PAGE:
And remember, we’re a small company that responds to change quickly. Big companies have 12 layers of management approval and budgets made out a year or two in advance.  The testing department is managed by an optical engineer who is human, and humans are often a bit resistant to change. There’s accountants who are going to want to know why everything is costing so much, especially because this wasn’t in next years budget. The companies are aware of the problem, they’re addressing it, but it’s going to take them some time to make changes.

And, as best I know, everyone is still figuring out the best ways to test lenses to make sure we catch every defect that might be visible on a photograph without all the ‘noise’, if you will, of false-positive results. Remember, we’ve never seen a perfect MTF curve on any lens, but we’ve seen lots of lenses that are photographically perfect on the best cameras. Some experimenting is needed to figure out exactly which things are significant and which aren’t. (If you’ve read this far and still think ‘they should all be perfect’, I don’t know what else to say except reality sucks, doesn’t it?)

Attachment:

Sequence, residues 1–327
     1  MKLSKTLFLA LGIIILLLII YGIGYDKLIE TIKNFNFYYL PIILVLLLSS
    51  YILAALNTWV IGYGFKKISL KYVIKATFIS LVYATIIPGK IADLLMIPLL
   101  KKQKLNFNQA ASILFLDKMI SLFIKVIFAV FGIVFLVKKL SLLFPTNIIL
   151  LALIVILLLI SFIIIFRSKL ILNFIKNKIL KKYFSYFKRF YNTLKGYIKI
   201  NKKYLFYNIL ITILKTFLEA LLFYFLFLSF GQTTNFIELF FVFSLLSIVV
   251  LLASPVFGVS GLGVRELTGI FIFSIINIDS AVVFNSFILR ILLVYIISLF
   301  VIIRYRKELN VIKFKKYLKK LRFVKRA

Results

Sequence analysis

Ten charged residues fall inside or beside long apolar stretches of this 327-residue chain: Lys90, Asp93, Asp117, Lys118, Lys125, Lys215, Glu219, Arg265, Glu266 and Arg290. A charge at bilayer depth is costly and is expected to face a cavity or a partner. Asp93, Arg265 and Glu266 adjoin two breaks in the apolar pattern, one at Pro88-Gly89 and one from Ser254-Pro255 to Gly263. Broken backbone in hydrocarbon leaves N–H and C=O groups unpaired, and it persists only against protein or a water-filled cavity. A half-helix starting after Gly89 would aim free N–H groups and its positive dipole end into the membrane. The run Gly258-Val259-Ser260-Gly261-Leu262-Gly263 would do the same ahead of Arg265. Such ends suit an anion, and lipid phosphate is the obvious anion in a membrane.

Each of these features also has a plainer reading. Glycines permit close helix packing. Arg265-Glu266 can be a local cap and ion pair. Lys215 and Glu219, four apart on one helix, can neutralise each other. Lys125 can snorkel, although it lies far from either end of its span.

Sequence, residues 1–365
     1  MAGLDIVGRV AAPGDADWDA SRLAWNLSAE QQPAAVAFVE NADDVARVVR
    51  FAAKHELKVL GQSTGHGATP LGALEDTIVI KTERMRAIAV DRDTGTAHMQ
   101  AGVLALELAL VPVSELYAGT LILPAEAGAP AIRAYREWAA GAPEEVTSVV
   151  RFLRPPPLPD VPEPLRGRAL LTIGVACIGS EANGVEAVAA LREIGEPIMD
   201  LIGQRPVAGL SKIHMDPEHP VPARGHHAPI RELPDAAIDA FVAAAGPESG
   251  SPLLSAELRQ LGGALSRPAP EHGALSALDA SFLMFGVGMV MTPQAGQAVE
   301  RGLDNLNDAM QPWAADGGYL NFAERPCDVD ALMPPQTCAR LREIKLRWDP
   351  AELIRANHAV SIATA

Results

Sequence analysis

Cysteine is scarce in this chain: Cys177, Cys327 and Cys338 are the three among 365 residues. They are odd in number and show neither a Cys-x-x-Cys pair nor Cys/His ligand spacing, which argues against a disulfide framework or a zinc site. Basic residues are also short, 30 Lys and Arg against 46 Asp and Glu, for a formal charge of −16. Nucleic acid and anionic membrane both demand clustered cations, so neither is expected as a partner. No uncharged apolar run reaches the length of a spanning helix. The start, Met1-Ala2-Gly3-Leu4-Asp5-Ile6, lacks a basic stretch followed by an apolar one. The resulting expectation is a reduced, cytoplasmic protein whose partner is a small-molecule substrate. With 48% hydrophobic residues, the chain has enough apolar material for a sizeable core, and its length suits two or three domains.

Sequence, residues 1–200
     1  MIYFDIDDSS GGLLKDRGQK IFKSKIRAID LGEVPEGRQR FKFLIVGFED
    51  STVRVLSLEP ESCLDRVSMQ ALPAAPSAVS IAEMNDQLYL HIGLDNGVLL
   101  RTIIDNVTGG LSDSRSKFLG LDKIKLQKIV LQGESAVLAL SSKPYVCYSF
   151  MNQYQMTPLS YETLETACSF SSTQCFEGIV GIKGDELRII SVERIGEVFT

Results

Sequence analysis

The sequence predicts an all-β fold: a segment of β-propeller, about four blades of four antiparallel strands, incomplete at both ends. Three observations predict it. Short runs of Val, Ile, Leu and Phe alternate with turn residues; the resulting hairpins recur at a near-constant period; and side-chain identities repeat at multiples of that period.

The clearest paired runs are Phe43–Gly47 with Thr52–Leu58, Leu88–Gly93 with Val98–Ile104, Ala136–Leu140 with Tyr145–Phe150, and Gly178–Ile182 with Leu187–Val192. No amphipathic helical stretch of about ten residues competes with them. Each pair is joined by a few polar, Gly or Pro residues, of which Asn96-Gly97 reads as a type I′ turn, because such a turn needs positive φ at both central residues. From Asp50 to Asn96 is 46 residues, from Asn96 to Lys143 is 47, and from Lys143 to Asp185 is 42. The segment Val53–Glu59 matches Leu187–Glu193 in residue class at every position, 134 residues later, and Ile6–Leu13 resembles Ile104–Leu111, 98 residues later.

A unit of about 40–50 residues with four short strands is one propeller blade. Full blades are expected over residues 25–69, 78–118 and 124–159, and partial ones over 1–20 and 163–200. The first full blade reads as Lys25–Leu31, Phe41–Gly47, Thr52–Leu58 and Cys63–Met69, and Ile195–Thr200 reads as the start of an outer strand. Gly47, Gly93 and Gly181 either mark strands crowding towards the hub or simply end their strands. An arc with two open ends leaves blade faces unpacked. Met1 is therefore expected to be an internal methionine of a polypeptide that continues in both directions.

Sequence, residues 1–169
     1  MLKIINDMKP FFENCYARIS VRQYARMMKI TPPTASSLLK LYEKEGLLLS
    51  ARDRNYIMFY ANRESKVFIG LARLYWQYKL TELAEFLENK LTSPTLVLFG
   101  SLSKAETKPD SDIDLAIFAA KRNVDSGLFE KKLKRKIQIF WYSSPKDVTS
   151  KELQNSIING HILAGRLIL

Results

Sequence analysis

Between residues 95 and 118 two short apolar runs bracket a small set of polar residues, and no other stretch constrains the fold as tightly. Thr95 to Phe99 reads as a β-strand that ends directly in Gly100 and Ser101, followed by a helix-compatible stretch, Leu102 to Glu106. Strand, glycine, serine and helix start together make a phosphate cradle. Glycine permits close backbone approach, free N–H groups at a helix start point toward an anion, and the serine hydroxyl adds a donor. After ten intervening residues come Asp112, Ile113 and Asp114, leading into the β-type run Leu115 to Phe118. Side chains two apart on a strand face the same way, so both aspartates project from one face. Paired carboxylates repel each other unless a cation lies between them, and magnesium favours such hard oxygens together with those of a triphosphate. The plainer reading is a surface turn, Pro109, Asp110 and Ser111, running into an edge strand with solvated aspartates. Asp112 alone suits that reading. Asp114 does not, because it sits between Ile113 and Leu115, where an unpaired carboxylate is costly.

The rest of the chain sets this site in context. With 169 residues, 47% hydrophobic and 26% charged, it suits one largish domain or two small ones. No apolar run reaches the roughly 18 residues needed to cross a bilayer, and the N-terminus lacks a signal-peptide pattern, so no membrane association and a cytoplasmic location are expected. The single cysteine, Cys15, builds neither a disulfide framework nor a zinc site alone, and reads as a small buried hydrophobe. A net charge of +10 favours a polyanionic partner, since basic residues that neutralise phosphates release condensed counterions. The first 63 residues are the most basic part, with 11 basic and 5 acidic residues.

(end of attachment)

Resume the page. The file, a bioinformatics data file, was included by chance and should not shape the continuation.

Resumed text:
For example, we’ve just started doing field-of-focus testing on lenses. It may well be that this is going to correlate better with the defects you can see in a photograph than actual MTF tests do. We’re still deciding what frequency of MTF test is most appropriate for newer cameras. Historically, 20 line pairs / mm correlated most closely to what you see when you take a picture. In higher pixel-density cameras we know 30 lp/mm is better and we’ve moved to that. But we aren’t sure if 40- or 50 lp/mm might be necessary. Those have a lot more false positive results, though, which makes things more difficult.

In the meantime, those of you out there who have been saying, “just go take some pictures and see if they’re OK.” Well, right at the moment, you have the correct answer, at least for people shooting the highest resolution cameras for a photo. A lot of photos of different subjects looked at carefully are probably going to identify things we’d be arguing about in the lab.